Loose Parts in Play: How a Child’s Imagination Tranforms “Junk”


Without a doubt, the most played-with area in our home is a place filled with loose parts, which we lovingly refer to as the “junkyard.” The junkyard came to existence after one terrible week in March when we all fell like dominoes to a stomach virus/head cold/ear infection trifecta of germs. Between doing loads of laundry and having little to no energy to do anything but lay on the couch and throw snacks out randomly, I did the only thing I could do to survive – I found a new kids series on Amazon for my kids to watch while we all recovered.

loose parts

Thankfully, the show I chose with my eyes barely open was a huge hit with both of my kids. It followed three kids through various mishaps and adventures they got into because of the inventions they made and experiments they conducted. One of the kids lived on a junkyard, where the show was primarily set. My kids quickly became enamored with the characters and started inventing and building with anything they could find around the house, mainly gluing random things together. Initially, I was less than thrilled with this newfound activity. Glue everywhere, random newspapers and junk mail cut to shreds and scattered around the living room, and missing silicone cupcake liners and Tupperware lids. And most importantly how they squirreled these things into their room without me noticing.

I soon realized I had actually hit a parenting goldmine; my kids kept themselves busy for hours while making inventions and playing with them in elaborate, drawn-out scenarios. We set some family guidelines around scissors, glue, and clean up, designated a large cardboard box as our very own “junkyard,” and took a trip to SCRAP PDX to fill a basket with anything that interested them. Twenty dollars later, paired with various recyclables from our house (egg cartons, broken down boxes, toilet paper rolls, and magazines), the junkyard was complete. This box of loose parts is an invitation for open-ended play. There are no preconceived notions with the items in the box, no set expectations for what the items should become, or “right ways” to use them. There is freedom to explore and try things out and make mistakes or change the plan or abandon the idea and move on.

The loose parts junkyard has taken up a corner of our living room now for six months, and it is the only toy my kids play with every day. Each night, junkyard items are put back into the box and the next day everything is a fresh, blank slate, ready to be made into anything their creative minds can imagine. Strips of cardboard have been made into roads, used as ice skates, built a ceiling on a pillow fort, and become a ramp to race cars off the couch. Just one long, green ribbon has been used as Rapunzel’s hair, a leash for stuffed animals, even and Spiderman’s webbing. Cardboard boxes have many lives, from cars to caves to baby cribs and wagons. We’ve made a puppet theater that quickly became a sled, and finally a parking garage for Hot Wheels. They once made an entire instrument collection to become the Cardboard & Chopstick Band.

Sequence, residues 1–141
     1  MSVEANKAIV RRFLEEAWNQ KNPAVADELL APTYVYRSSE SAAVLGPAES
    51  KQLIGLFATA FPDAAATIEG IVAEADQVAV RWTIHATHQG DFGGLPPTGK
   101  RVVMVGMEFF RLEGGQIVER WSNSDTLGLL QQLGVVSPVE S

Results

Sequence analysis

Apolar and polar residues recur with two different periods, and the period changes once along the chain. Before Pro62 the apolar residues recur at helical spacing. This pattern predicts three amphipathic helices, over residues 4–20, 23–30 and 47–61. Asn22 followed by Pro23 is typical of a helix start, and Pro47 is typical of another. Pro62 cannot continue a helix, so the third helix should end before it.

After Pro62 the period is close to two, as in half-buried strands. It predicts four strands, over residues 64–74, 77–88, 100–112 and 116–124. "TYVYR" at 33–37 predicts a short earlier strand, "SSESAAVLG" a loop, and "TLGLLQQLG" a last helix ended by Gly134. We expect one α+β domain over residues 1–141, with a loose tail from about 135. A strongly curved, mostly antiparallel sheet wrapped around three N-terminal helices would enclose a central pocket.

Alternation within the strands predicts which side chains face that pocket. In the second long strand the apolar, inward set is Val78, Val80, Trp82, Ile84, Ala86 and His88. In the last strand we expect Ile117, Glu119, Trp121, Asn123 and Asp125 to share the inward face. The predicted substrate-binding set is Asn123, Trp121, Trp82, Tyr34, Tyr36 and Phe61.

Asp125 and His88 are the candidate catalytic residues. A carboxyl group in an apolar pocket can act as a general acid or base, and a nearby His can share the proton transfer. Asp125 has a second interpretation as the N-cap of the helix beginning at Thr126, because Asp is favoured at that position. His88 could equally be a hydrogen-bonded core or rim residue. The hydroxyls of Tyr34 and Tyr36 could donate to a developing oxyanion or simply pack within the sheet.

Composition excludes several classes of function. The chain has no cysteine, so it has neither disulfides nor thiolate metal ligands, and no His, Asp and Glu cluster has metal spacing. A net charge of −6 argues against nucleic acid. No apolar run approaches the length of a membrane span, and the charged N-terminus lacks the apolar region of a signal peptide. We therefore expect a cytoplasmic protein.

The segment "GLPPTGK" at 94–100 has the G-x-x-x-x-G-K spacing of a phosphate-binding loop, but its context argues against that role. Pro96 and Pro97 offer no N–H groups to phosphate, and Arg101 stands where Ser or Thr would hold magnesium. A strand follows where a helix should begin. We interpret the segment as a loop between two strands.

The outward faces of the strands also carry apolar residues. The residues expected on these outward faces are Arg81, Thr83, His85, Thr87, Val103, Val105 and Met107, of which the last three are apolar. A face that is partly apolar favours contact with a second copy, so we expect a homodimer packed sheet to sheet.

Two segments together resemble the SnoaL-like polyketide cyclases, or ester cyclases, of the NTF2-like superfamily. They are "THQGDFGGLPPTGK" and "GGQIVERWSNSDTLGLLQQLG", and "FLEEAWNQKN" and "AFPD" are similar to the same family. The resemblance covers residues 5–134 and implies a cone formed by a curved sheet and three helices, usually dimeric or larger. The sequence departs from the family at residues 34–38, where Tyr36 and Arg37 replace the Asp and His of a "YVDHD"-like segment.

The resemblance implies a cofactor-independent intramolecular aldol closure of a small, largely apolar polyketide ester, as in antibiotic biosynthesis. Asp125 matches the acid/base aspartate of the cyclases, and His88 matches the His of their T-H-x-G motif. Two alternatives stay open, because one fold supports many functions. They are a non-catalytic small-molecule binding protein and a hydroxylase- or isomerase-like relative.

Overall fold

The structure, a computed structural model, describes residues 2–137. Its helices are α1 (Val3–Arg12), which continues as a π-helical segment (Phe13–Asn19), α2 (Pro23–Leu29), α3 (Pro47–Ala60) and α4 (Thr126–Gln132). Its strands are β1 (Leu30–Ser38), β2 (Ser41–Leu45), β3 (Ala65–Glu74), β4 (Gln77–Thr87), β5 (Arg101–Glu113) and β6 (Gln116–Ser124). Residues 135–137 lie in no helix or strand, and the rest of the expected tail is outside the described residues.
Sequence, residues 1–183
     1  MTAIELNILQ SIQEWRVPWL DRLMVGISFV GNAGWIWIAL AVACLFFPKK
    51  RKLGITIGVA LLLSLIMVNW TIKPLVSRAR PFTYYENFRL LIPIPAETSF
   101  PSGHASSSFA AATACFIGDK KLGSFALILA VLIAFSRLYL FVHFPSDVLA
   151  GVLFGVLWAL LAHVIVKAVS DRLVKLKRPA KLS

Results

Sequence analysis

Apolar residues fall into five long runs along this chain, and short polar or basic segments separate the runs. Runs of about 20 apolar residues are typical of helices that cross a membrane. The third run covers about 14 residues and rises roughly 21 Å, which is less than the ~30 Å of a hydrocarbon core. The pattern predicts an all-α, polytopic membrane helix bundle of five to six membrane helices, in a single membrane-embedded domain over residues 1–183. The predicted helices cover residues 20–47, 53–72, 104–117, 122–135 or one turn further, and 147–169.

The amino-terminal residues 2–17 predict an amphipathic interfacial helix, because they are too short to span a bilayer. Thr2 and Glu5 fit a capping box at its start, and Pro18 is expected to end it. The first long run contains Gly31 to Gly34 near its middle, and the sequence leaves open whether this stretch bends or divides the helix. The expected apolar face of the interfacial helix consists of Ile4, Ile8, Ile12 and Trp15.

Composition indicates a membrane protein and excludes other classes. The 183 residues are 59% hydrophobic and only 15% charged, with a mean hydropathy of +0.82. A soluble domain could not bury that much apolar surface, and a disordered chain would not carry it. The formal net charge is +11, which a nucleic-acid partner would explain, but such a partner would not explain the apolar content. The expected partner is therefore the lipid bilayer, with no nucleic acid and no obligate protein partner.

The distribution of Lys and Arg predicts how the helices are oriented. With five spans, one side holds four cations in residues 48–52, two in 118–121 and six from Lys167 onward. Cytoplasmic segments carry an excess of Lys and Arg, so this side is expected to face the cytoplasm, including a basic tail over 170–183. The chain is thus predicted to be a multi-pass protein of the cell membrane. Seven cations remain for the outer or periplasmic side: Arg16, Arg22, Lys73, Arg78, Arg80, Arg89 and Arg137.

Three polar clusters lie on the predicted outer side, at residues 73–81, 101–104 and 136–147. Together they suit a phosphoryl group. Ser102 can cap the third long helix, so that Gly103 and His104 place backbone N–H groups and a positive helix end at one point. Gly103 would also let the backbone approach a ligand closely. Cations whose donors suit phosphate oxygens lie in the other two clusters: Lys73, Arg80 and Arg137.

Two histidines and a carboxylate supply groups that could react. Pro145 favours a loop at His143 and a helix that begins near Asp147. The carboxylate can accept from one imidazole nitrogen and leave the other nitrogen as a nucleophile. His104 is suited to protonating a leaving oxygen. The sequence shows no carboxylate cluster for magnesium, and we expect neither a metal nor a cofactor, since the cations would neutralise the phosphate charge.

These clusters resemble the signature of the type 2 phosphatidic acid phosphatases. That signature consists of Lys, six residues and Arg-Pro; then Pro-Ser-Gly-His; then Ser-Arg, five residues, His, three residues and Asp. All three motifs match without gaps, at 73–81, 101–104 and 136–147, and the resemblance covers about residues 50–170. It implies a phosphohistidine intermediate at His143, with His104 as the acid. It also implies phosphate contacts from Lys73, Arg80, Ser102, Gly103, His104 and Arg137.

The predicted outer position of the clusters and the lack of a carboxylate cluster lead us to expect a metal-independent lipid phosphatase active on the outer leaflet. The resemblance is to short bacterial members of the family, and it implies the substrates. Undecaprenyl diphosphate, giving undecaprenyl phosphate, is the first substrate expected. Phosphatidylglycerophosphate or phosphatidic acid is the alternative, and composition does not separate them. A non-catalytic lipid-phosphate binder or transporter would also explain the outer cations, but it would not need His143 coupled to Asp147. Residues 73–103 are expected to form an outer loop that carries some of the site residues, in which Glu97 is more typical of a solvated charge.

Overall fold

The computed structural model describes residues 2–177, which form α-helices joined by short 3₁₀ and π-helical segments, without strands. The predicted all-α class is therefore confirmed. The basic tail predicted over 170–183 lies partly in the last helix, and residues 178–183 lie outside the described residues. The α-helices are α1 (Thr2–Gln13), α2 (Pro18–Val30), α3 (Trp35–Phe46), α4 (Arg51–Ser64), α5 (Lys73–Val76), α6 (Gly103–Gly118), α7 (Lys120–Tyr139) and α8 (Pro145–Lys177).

It is so easy as an adult to lose the ability to see the magic in the everyday things, especially the loose parts we throw away or recycle. We have a hard time looking at a piece of string and only seeing it as string. But to children, this box of loose parts is truly filled with treasures. They can look at egg cartons or a cardboard and see endless opportunities, and then engage that imagination and just play. Every time they dig through the junkyard, I can’t wait to see what ideas they come up with. Play is the foundation of childhood and it has been such an experience to see how much fun my kids can have with some cardboard and glue. Lots of glue.

loose partsKatie is an occupational therapist, recently turned stay-at-home-mom and relocated to PDX from Maine. Her days are filled with coffee, playgrounds, and providing seemingly endless snacks to her two children.

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Katie is a recent East Coast transplant from Maine, where she was born and raised. While trying to figure out how to create the life they wanted to live, Katie’s husband, David, was presented with a job opportunity in Portland. They decided to go for it and moved across the country with their two young children. Katie has previously worked as an occupational therapist in an early childhood setting, but with the move was presented with the opportunity to stay home with her kids and she took it! It has been an adventure switching to life as a full time stay-at-home mom to her five-year-old daughter and three-year-old son. She spends her days exploring Portland’s playgrounds and coffee shops, looking for new vegetarian restaurants to check out, and trying to remember that slowing down is a good thing. Since arriving in Portland, she has begun making time for all of the things that have caught her interest over the years: yoga, cooking with local foods, experimenting with sustainable lifestyle choices, writing and getting outside in the always beautiful PNW.


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